According to soil analysis, it showed a slightly alkaline pH, with high concentrations of exchangeable Ca2+, available phosphorus, as well as medium contents of interchangeable K+ and Mg2+, and low organic matter, the latter possibly related to degradation processes by the continuous cultivation. The contents of mycorrhizal spores were low and possibly due continuous systematic cultivation in the presence of high doses of mineral fertilizers.
Monthly precipitation and average temperatures in the experimental area (Table 2) were adequate for the Jackbean growth, with the precipitation slightly above the historical average.
Table 2 Climatic characteristics of the experimental period in the Instituto de Investigación de Cultivos de Raíces y Tubérculos Tropicales (INIVIT), in Santo Domingo, province of Villa Clara, Cuba, years 2012-2013. Cuadro 2. Características climáticas del período experimental en el Instituto de Investigación de Cultivos de Raíces y Tubérculos Tropicales (INIVIT), en Santo Domingo, provincia de Villa Clara, Cuba, años 2012-2013. Table 2 Climatic characteristics of the experimental period in the Instituto de Investigación de Cultivos de Raíces y Tubérculos Tropicales (INIVIT), in Santo Domingo, province of Villa Clara, Cuba, years 2012-2013.
Five treatments were studied, consisting of simple inoculation of Jackbean seeds, with four strains of AMF, and a non-inoculated control. A completely randomized experimental design was used with three replicates, with a factorial arrangement of 5 x 2 and considering the year as a second factor.
The AMF species used belonged to the collection of the Instituto Nacional de Ciencias Agrícolas (INCA) and corresponded to the following: Funneliformis mosseae / INCAM-2 (Schüßler and Walker, 2011); Glomus cubense / INCAM-4 (Rodríguez et al., 2011); Claroideoglomus claroideum / INCAM-8 (Schüßler and Walker, 2011), and Rhizoglomus intraradices / INCAM-11 (Sieverding et al., 2014). The inoculants were produced in solid formulation according to Fernández et al. (2000), using Urochloa decumbens Stapf as a plant host and whose spore content ranged between 25 to 30 g-1 of the product.
Ten Jackbean seeds were sown in each microplot with a sowing distance of 0.5 m between rows and 0.2 m between plants. Mycorrhizal inoculation was carried out by covering the seeds at 8 % (inoculant / seed) and using 100 ml of water per kg of inoculant (Simó et al., 2016). Sixty days after germination, the content of mycorrhizal spores in the Jackbean rhizosphere, the percentage of total mycorrhizal colonization, as well as the aerial biomass of the plants, and the concentration of N, P and K were evaluated.
The methodologies used in the different determinations and evaluations were:
Number of spores in the soil
In each microplot spore extraction was performed following the procedure described by Herrera et al. (1995), they were counted using a stereoscope and the content was expressed as spores per 50 g of soil.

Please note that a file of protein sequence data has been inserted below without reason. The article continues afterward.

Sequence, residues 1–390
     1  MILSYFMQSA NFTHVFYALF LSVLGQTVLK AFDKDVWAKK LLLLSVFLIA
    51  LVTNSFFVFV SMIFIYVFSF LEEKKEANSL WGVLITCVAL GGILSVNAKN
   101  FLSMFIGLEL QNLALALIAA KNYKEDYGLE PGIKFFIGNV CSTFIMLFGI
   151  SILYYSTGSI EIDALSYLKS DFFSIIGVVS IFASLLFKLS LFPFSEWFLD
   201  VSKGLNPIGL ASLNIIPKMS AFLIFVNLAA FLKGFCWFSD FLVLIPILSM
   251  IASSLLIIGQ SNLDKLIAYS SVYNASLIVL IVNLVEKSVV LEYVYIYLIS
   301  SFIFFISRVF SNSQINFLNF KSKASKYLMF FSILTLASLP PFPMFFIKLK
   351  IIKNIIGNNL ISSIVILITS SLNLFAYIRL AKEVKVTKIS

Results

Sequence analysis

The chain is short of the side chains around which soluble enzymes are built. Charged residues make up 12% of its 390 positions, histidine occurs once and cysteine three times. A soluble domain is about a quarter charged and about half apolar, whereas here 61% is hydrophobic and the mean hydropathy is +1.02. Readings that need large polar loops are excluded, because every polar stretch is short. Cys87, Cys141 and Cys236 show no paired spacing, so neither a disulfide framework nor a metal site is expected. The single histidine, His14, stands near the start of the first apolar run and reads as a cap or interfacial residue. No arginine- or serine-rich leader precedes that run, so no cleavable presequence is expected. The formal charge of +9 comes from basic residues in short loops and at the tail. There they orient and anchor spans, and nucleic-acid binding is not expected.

Total percentage of mycorrhizal colonization
To determine the total percentage of mycorrhizal colonization in C. ensiformis, each microplot was sampling and 200 mg of fine roots from each sample were used and dried in a thermostatically controlled oven, with forced ventilation at 70 ºC at constant mass. The roots were stained according to the methodology described by Rodríguez et al. (2015). The evaluation was made under a stereoscope. For the quantification the method of Giovanetti and Mosse interceptions (1980) was used.
Aerial dry biomass (ADB)
To determine the aerial dry biomass content, all the plants in each microplot were harvested, then the leaves and stems were separated. The dry mass (DM) in each sample was obtained from the percentage of dry mass of the aerial tissue, resulting from drying each sample in a thermostatically controlled stove, with forced ventilation at 70 ºC, until reaching a constant mass, the values were expressed in g m-2. The quantities of leaves and stems from each plot were added together and expressed in g per microplot.
Concentration of N, P and K
The concentration of N, P and K was obtained from tissue samples of dry sprouts, which were subjected to wet digestion with H2SO4 +Se (Kjeldahl method), the result was expressed in mg g-1. Nessler’s method was used to determine N, aminonaphthol sulfonic acid for P and flame photometry for K (Paneque et al., 2010).
Estimated extraction of N, P2O5 and K2O
The N, P2O5, and K2O extracted (g m-2) were determined as the concentrations of the elements (g kg-1) and the dry mass (g) in each organ studied, it was calculated by the following formula:
Extraction = MS x element concentration x gravimetric factor (1.2 for K2O and 2.29 for P2O5).
The quantities corresponding to leaves and stems in each plot were summed and expressed in g per microplot.
Once the assumptions of normality and homogeneity of variance of the data were verified, the results to determine the effectiveness of the mycorrhizal inoculation were processed as a completely randomized design with a factorial arrangement of 5 x 2. The factors and their respective levels were: AMF strains (four strains and one uninoculated control) and years (two). Tukey’s multiple range test (p≤0.05) was used as comparison criterion.
A regression analysis was performed to determinate the degree of mycorrhizal function obtained in each treatment, using the information obtained during the two years of work on the percentage of colonization, dry mass production, concentrations of N, P and K and number of mycorrhizal spores.
Factorial analysis of all variables showed that there was no significant interaction between the main factors (AMF strains and years). The influence of AMF strains and years factors were significant. The results of the AMF strains factor are presented as they respond directly to the objectives of the work.